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    It seems like consent should be really important to sex. Why does it seem so complicated?

    Great question. Over the last decades, consent discourse has shifted. Consent used to focus on “no means no,” a model in which basically, if no one said “no” to sex, it was considered consensual. The “yes means yes” model gained popularity when a book by the same name was published in 2008. “Yes means yes” is affirmative consent, where the people involved in a sexual encounter say “yes” and consent to each escalation, and it’s even been made into law in California and elsewhere.

     

    But while “yes means yes” might mean there’s consent, it doesn’t say anything about how everyone feels about it. That’s why there’s now enthusiastic consent, where it’s not enough to just say yes to a sexual encounter – it’s only enough to say “fuck yes!” In enthusiastic consent, partners, whether for two hours or twenty years, must not only say yes to everything they’re doing but also must be excited about it. It’s the difference between “sure, I guess you can xyz” and “xyz sounds like so much fun, let’s do it.”

    Why do people feel weird about enthusiastic consent?

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    That’s also a great question! The answer is because if you’re not used to practicing enthusiastic consent it can seem like it’s going to be really, really awkward. (It’s not, I promise!) “You mean I have to ask before I kiss someone for the first time?” “You mean I have to ask before I kiss someone for the fortieth time?” “Do I have to ask before I put my hand there?” “What about there?” If you’re new to enthusiastic consent or have just spent a few minutes reading about it in the media, it can seem like sex with enthusiastic consent is stilted, doesn’t flow naturally, and would pull everyone out of the moment with each check-in.

     

    It’s actually the opposite.

    Okay, so what does enthusiastic consent actually look like? How do I practice enthusiastic consent?

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    If you aren’t used to speaking up with your words during sex, starting to do so can sometimes feel really self-conscious-making, embarrassing, or uncomfortable. It gets easier over time, and practicing speaking up and checking in for enthusiastic consent will help you speak up and check-in during sex in all sorts of ways, which will also make you better at it.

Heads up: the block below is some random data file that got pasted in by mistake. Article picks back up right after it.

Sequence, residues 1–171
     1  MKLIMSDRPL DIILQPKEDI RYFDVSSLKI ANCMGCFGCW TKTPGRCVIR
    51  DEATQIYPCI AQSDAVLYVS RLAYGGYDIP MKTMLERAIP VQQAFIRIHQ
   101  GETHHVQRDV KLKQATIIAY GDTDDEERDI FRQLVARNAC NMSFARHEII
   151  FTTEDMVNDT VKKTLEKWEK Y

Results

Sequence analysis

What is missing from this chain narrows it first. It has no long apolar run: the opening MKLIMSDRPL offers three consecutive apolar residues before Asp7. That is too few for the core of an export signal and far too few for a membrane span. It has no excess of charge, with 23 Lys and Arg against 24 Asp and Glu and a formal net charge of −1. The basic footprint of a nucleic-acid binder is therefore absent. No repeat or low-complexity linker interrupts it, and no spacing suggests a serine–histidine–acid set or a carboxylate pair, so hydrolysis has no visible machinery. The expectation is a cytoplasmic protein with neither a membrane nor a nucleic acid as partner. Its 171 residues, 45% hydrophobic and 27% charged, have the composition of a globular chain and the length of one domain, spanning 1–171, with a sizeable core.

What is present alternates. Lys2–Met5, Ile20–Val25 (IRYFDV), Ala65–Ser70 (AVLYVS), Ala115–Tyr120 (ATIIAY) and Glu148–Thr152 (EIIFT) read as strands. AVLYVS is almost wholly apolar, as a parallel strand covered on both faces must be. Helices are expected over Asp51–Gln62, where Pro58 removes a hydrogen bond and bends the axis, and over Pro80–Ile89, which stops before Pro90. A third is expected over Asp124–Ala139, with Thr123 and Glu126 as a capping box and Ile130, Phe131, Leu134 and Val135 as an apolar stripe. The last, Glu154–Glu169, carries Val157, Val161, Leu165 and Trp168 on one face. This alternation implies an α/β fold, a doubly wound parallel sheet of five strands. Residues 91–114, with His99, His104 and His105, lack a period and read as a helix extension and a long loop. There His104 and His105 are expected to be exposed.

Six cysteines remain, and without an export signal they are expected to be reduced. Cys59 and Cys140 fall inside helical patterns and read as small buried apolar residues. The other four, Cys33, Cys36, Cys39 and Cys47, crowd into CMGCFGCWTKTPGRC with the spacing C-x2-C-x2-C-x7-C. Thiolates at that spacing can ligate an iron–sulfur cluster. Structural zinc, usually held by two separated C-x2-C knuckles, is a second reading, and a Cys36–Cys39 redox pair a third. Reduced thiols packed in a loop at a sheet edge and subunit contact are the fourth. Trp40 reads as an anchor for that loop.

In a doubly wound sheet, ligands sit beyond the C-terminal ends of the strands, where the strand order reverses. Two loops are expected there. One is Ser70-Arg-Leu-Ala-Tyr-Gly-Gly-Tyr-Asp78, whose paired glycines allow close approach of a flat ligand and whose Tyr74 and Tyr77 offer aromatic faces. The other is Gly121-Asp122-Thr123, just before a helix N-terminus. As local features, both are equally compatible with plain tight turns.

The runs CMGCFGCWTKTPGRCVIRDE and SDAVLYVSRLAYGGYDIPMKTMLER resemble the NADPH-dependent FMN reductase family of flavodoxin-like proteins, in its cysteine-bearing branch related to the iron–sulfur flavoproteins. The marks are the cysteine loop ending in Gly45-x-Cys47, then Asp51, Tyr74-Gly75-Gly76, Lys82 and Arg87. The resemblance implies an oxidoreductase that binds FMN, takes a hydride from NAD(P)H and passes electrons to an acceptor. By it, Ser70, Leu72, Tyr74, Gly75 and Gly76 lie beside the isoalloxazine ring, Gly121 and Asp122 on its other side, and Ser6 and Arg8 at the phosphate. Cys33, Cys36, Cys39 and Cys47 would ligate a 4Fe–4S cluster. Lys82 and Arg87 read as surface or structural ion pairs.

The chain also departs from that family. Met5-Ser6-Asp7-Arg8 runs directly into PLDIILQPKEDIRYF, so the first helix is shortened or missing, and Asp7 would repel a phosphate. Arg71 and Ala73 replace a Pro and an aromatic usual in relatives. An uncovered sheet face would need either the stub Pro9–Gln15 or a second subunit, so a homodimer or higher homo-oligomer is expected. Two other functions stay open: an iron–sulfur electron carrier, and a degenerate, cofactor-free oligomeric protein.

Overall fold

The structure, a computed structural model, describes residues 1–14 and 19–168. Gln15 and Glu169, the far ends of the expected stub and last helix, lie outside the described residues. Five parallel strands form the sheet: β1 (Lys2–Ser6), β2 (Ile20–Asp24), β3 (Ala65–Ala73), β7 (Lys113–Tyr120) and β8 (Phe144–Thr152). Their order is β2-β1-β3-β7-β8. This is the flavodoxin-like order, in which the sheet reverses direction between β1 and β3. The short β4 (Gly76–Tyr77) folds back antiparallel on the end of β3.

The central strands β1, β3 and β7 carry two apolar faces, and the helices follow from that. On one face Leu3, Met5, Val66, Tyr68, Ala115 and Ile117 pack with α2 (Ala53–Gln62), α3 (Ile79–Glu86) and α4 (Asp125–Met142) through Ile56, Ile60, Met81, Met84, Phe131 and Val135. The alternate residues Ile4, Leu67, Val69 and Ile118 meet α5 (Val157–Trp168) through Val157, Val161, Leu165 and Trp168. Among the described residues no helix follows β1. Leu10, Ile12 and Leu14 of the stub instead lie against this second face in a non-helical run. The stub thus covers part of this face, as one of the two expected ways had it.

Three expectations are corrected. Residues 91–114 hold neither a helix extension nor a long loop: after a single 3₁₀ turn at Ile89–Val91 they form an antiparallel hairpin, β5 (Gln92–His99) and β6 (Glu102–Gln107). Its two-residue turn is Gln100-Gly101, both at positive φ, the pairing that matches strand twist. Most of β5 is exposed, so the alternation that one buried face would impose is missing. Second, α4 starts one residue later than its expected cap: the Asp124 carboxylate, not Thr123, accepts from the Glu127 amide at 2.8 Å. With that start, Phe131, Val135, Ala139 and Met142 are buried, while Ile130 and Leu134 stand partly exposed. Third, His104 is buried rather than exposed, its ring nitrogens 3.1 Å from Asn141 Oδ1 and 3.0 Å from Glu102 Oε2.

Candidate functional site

First, make sure everyone is in a place where you can each consent. This means being sober enough, in a good mental state, and in positions where there are no consequences for saying “no.” You do not need to be 100% sober to consent, but if you can’t drive safely because you’ve had too much to drink, you can’t consent to physical touch. For instance, if you meet someone in a bar and they’ve had one or two drinks and tell you they want to fuck you, you can use your judgment. If they’ve drunk, you can say “not tonight, I think you’re fantastic, let’s exchange numbers and go from there.” 

     

    Then, just ask. Some of the hottest words in the English language are, “Is it okay if I kiss you right now?” Here’s why: unlike just going for a kiss, if it’s a yes, the person will turn their head towards you, rather than not realizing what you’re about to try and looking away as part of their conversational body language. It’s much easier to have a good kiss with someone who has a half-second to prepare for it. Also unlike just going for it, you now know that the person you are about to kiss is as excited about it as you are. This is especially important for first kisses, but it’s useful all the way along. You want to kiss them right now, but what do they want? You can’t know unless you ask. 

     

    Then, keep asking. Whether you’re sleeping together for the very first time, introducing a new sex act for the very first time, or doing something familiar with someone familiar, communication is key to your mutual good time. Express your interest or desire, and find out how your sex partner feels about it. In the moment, you don’t have to ask, “can I put my hand here?” every time you move your hand half an inch. But you do need to check-in before introducing anything new. And if it’s something you haven’t don’t together before, it can require extra care.

    Let’s say you want to use a double-ended strap-on dildo during sex. How do you get enthusiastic consent?

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    For a first-time encounter, this can look like having a conversation about what you want to do together, ideally outside of the moment in which you’re about to do it. For instance, if you meet at a bar, talk about what you might do together before you’re heading back to your place. Then, a simple “what do you want to do together?” can open the conversation. Listen, and share. You can also take the opportunity to check in about safer sex practices. Bring up the strap by saying something like, “I have this double-ended dildo I’m really into that I’d like to use together. How do you feel about that?” 

     

    In a more established relationship, open the conversation outside of the context of sex by saying something like, “Hey, I wanted to share something with you that’s been on my mind. I’d like to hear your thoughts on whether you’d be open to exploring sex toys. There’s this one that looks interesting and fun to me, this is how I feel about it, but I want to learn how you feel about it.” Genuinely listen to your partner’s response, and ask questions that come from curiosity.

     

    Enthusiastic consent doesn’t need to be complicated. Just stay curious about what your sexual partner feels and wants, express what you feel and want, and come together where you line up.